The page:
Infection of rabbit kidney cells (RK13) by enteropathogenic Escherichia coli as a model to study the dynamics of actin cytoskeleton

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Abstract:

Enteropathogenic Escherichia coli (EPEC) colonizes the intestinal mucosa and causes a cell lesion known as attachment and effacement (A/E) lesion. The molecular mechanisms for A/E lesions include injection of Tir, which is a receptor for an adhesin named intimin. The Tir-intimin interaction causes rearrangement of the cytoskeleton forming actin-rich structures called pedestals. Unfortunately, the formation of the A/E lesions and the dynamics of the actin cytoskeleton during this rearrangement induced by EPEC cannot be studied in the natural host. However, there are EPEC strains that infect rabbit (REPEC) that are genetically and pathologically similar to EPEC. Here, we used REPEC for the infection of rabbit kidney epithelial cells, line RK13, as a model to understand the actin cytoskeleton dynamics during pedestal formation. Actin-rich pedestal formation during the infection of RK13 cells by REPEC was analyzed by electron and confocal microscopy. The kinetics of infection along with the use of antibiotics for eliminating the bacteria, as well as reinfection, evidenced the plasticity of the actin cytoskeleton during pedestal formation. Thus, this model is a helpful tool for studying the dynamics of actin cytoskeleton and for correlating the data with those observed in in vivo models in rabbits experimentally infected with REPEC.

Escherichia coli entérophathogène (EPEC) colonise la muqueuse intestinale et cause des lésions cellulaires appelées lésions d’attachement et d’effacement (A/E). Les mécanismes moléculaires associés aux lésions incluent l’implication de Tir, le récepteur d’une adhésine, l’intimine. L’interaction Tir-intimine cause un réarrangement du cytosquelette formant une structure riche en actine, le piédestal. Malheureusement, la formation de lésions A/E et la dynamique du cytosquelette d’actine lors du réarrangement induit par les EPEC ne peuvent être étudiées chez l’hôte naturel. Cependant, il existe des souches d’EPEC qui peuvent infecter le lapin (REPEC) et qui sont génétiquement et pathologiquement similaires aux EPEC. Nous avons utilisé ici des REPEC pour infecter des cellules épithéliales rénales de lapin, les cellules de la lignée RK13, un modèle permettant de comprendre la dynamique du cytosquelette d’actine lors de la formation de piédestaux. La formation d’un piédestal riche en actine lors de l’infection des cellules RK13 par les REPEC a été analysée par microscopie électronique et par microscopie confocale. La cinétique d’infection et l’utilisation d’antibiotiques pour éliminer les bactéries, ainsi que la réinfection ont mis en évidence la plasticité du cytosquelette d’actine lors de la formation du piédestal. Ainsi, ce modèle constitue un outil pratique pour étudier la dynamique du cytosquelette d’actine et pour corréler les résultats avec les observations faites dans des modèles in vivo chez le lapin infecté par les REPEC.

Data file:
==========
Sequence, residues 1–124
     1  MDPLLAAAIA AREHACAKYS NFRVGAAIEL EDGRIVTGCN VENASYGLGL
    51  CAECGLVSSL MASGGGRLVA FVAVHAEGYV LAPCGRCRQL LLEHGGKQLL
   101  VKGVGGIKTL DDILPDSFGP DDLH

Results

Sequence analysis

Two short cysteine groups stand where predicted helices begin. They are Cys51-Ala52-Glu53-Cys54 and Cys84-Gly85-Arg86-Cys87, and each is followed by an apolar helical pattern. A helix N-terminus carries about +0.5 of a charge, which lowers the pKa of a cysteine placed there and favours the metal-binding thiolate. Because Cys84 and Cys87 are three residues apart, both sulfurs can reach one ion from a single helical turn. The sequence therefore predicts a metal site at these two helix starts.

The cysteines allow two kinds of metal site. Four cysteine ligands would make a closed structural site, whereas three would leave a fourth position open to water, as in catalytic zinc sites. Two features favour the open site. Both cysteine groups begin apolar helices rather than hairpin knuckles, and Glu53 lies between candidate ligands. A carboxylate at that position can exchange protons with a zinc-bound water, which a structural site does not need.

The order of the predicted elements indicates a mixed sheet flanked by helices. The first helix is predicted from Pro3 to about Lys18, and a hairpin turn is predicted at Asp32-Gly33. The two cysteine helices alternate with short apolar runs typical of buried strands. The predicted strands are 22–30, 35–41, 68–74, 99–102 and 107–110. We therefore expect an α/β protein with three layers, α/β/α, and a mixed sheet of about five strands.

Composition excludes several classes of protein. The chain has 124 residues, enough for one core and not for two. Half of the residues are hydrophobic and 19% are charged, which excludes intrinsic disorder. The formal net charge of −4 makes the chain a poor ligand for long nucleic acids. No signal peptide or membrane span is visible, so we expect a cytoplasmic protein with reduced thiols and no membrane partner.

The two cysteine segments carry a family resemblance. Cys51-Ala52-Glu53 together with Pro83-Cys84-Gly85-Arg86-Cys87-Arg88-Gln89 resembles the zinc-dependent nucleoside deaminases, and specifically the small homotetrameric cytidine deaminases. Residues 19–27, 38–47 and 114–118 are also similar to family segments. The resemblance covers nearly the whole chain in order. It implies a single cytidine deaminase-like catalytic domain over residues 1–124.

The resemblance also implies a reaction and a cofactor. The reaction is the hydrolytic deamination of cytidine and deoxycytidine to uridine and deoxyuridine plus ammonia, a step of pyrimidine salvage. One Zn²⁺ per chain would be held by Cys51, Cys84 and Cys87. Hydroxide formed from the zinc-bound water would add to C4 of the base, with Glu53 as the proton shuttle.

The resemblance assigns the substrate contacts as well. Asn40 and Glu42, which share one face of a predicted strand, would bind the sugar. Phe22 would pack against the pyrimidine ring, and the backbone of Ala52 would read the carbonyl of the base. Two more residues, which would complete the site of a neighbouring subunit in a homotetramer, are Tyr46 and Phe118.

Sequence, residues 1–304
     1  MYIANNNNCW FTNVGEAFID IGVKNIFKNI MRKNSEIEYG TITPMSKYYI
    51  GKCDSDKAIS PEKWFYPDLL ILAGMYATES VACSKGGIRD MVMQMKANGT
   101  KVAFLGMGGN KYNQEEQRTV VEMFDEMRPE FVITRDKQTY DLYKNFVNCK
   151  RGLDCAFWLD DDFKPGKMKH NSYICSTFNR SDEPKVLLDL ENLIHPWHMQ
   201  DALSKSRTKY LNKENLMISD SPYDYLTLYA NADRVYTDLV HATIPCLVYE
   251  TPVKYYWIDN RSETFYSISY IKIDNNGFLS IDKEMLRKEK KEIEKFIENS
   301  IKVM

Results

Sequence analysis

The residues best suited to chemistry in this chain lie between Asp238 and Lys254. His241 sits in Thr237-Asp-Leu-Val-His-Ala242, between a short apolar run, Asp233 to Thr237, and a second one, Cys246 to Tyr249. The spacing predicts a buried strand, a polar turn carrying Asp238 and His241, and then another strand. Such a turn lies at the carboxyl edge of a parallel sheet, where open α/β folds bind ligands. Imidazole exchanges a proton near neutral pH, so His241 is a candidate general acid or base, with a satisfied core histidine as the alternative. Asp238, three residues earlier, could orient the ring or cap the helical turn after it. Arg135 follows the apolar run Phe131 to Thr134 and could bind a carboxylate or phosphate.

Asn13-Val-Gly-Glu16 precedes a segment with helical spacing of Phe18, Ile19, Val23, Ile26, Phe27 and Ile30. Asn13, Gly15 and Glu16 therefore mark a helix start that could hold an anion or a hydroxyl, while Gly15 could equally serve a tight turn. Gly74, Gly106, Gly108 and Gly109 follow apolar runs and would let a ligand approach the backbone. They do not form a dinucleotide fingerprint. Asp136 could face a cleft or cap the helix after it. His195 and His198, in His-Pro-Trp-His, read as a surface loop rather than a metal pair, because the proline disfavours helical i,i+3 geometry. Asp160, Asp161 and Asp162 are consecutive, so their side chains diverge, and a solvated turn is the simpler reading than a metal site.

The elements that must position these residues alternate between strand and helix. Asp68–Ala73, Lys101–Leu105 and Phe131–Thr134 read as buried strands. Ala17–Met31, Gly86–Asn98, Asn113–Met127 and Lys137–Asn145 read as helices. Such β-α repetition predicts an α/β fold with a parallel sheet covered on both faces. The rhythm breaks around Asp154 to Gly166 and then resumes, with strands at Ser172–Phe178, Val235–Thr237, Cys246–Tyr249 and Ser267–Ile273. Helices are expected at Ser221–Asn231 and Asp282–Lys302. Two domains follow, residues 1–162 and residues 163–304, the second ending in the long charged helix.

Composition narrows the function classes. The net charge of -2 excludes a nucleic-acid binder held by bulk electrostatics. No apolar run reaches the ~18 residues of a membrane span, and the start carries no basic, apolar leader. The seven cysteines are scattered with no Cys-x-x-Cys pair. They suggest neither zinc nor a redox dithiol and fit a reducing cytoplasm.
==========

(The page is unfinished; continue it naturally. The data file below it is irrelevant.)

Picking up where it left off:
Document Type: Research Article

Publication date: September 1, 2008

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  • Published since 1954, this monthly journal contains new research in the field of microbiology including applied microbiology and biotechnology; microbial structure and function; fungi and other eucaryotic protists; infection and immunity; microbial ecology; physiology, metabolism and enzymology; and virology, genetics, and molecular biology. It also publishes review articles and notes on an occasional basis, contributed by recognized scientists worldwide.
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